ions are thrown out of work and suffer.
Thlsperiodio expansion and contrac
tion of the currency, and liquidation
and distress, are a necessary result of
giving to money the monopoly function
or power to draw interest
The men who borrow money (or land,
or land forces) must pay a regular usury
sum which they did not borrow; and
this they obtain each year by selling
goods in the market, what they need to
live on and;this sum besides. .They can
not bny back out of the market as mach
as they sell, because the Interest money
obtained In selling has been taken from
them. The inttmt dratenfrom the entire
producing close and not spent by the usur
ers leaves an tgual percentage of unbought
goodt in the market, and each succeeding
interest payment helps to glut tht market.
See? This goes on until fslling prices
make it unsafe to risk farther produc
tion in manufactures and money cannot
be safely loaned on ordinarily safe
securities, which is the condition we are
now suffering under. Editor Wealth
WHERE FAHMKRB STAND.
Resolutions Tbat Speak tbe Hf n ti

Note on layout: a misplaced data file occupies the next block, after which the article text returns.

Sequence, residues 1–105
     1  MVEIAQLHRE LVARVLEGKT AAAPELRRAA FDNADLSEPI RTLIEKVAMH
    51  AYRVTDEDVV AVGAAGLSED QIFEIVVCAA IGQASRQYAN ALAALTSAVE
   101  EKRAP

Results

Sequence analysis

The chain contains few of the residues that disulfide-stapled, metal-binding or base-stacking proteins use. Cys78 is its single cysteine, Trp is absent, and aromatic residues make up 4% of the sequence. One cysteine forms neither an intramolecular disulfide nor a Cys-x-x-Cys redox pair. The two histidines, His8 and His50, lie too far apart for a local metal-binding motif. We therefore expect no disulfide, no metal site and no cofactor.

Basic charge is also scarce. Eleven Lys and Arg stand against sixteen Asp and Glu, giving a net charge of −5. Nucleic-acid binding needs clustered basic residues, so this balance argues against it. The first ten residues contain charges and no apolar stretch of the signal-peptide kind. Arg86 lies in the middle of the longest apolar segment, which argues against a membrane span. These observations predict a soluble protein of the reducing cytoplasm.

me nts ot all Alliances.
The following preamble and resolu
tions were adopted by the J. B. Weaver
Alliance, No. 2318, of Hitchcock
county, Neb., May 4th, 1894.
Whereas. The condition of thecoun-
trv and of the laboring class is so ap
palling, and tbe dilatory action of Con
gress in enacting measures looking to
the relief of the unusual distress of tbe
people, is so contemptible that thou
sands of American citizens, embracing
among their number representatives ol
every honorable prolesslon of labor,
deepalringof relief through tbe aggra
vating slowness and exasperating ad
verseness ot usual legislation, have re
solved to carry their grievances, and
those of their millions of co-laborers, In
person to the sat of government, there
to ask a hearing and demand redress;
Therefore, be it
liesolved. Tnat.we. ine memoersor
the J. B. Weaver Alliance, No. 2318,
100 strong, believe the Commonweal
movement to be peaceful in intent,
E radical in purpose and constitutional
y inalienable right: And, be it
liesolved, That we heartily endorse